Underestimating Total Costs Can Undermine Competitiveness

By SHRM Online staff Nov 14, 2014
Midsize companies tend to underestimate the true cost of managing their workforce, according to the 2014 Total Cost of Ownership Study that ADP Research Institute released Nov. 4, 2014.

The true “total cost of ownership” (TCO) consists of five human capital management (HCM) expenses: payroll, employee benefits administration, talent management, human resources administration, and time and labor management.

“TCO can be used to guide decisions regarding IT investments, projects, operations, performance and funding,” according to the Institute of Education Sciences.

A white paper from manufacturing and engineering firm ITT Corp. noted that TCO analysis “provides the critical foundation for making sound decisions” on staffing, vendor selection, inventory requirements and lease versus buy decisions.

“[It] can be used for decision making in almost any industry or business—including manufacturing, computer systems, transportation, buildings, real estate, and medical and laboratory equipment,” the authors of the paper wrote.

On average, in the past year, slightly more than one in three midsize businesses (those with 50 to 999 employees) have performed a formal cost analysis on any one of the five HCM areas to get their TCO number. Only one-fifth of those businesses have done it across all five areas, according to the ADP study.

The study’s findings are from an online Harris Poll conducted from July 29, 2014, through Aug. 13, 2014, with 1,004 U.S. senior personnel, both executives and managers who were working full- or part-time at a midsize company or self-employed with a midsize company.

It found:

  • 58 percent of respondents were familiar with the concept of TCO.
  • 66 percent thought their company spends the right amount on TCO.
  • 22 percent formally analyzed TCO accurately in the past 12 months.
However, while nearly 60 percent of respondents indicated that they were familiar with the concept of TCO, and two-thirds said it was important, nearly three-fourths were not able to correctly calculate it. That’s because, ADP concluded, only slightly more than one-fourth of managers consider all factors when estimating TCO and they are not as educated on this topic as they should be. Managers should be aware of what constitutes HCM TCO, the best practices for managing it, and the financial risks associated with not completely understanding it.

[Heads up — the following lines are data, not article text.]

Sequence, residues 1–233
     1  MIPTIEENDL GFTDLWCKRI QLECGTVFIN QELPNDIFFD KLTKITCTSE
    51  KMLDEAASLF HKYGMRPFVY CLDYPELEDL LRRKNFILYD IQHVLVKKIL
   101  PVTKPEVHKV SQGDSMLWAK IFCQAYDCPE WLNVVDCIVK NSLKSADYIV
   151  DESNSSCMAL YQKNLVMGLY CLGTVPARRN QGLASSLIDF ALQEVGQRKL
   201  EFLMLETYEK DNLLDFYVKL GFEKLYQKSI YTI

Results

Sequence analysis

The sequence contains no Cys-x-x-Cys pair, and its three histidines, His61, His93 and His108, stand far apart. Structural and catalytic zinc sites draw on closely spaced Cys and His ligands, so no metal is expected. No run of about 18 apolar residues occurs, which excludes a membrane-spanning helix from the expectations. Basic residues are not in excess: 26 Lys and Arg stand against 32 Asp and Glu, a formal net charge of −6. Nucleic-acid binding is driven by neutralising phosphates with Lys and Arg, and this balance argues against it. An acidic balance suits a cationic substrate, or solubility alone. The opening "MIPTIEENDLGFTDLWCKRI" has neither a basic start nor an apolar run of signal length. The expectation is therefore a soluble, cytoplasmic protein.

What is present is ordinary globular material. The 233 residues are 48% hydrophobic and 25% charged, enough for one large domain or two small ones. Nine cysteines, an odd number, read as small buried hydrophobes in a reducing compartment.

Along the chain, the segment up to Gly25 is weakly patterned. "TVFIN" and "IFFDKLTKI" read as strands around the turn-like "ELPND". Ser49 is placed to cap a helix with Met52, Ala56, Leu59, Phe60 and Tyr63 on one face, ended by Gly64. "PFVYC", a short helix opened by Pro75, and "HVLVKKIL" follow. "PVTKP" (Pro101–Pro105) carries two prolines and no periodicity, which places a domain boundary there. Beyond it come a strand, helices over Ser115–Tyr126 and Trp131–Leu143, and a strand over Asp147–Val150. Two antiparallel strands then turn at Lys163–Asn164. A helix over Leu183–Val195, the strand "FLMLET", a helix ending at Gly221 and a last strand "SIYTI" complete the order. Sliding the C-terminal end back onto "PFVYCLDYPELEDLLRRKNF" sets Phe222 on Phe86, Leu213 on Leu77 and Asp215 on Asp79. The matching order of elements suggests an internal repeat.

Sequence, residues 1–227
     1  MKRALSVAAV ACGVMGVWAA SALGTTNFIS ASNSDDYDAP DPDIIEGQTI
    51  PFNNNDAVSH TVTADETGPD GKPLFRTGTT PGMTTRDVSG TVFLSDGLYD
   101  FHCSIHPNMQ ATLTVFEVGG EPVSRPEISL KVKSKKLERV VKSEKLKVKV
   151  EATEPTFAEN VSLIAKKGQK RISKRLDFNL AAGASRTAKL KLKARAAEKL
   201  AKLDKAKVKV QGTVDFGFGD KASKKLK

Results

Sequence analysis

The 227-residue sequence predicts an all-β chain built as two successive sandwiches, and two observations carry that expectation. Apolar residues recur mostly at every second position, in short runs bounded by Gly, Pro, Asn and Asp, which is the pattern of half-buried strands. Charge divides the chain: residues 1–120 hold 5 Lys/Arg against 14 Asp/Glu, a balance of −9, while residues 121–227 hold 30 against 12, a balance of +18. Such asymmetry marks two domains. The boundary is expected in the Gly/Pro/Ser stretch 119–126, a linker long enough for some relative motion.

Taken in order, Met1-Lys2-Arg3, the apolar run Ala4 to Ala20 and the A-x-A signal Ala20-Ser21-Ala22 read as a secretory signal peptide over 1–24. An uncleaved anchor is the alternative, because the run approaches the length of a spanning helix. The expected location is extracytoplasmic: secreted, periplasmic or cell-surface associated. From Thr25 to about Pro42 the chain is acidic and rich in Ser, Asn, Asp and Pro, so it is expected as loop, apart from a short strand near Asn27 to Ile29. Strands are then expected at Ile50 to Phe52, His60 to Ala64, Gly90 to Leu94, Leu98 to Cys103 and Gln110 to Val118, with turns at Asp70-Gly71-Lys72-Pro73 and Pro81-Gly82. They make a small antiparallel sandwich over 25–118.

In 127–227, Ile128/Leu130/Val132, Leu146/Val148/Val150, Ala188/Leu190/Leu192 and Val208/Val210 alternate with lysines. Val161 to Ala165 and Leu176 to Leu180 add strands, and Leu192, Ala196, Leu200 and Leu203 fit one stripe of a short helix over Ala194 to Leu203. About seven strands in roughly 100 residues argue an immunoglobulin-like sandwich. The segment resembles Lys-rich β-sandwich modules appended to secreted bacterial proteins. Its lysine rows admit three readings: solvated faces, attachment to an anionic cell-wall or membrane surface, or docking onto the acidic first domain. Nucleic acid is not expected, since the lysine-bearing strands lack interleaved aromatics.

ADP noted in its report that there are at least “a dozen or more credible sources” that companies surveyed for the report have sought out for help in analyzing their HCM TCO costs. These include accountants, HR/payroll vendors, banks, HR/benefits consultants, lawyers and financial advisors.

Companies that miscalculate important metrics such as TCO risk losing a competitive advantage, according to ADP.

“HCM should be a corporate strategy. For this strategy to be effective, it requires that key stakeholders have good information. In order to have good information, companies need a high degree of knowledge, measurement tools, and complete and accurate analyses,” ADP wrote in its report.

Additionally, it is important to integrate HCM tasks onto a common platform in order to optimally manage each one, ADP urged in its report. Less than half of the respondents to the survey indicated that they thought it was essential to integrate some or all of their HCM functions into one system. Fifty-nine percent reported they had integrated two or more of the five HCM functions into one system, with payroll topping the list of functions that were most likely to have been integrated with other HCM functions, followed by time and labor management (49 percent).

More than Salaries and Benefits
“Focusing only on salaries and benefits can be misleading and can lead to making poor strategic and tactical business decisions,” ADP states in its report. The report cited a 2014 NelsonHall study that found North American firms that implement a human capital management strategy are able to reduce their TCO by 26 percent.

“Understanding your all-in TCO allows businesses to obtain a realistic picture of what they spend on their employees and what it takes to manage them,” said Anish Rajparia, president of major account services at ADP, in a news release.​

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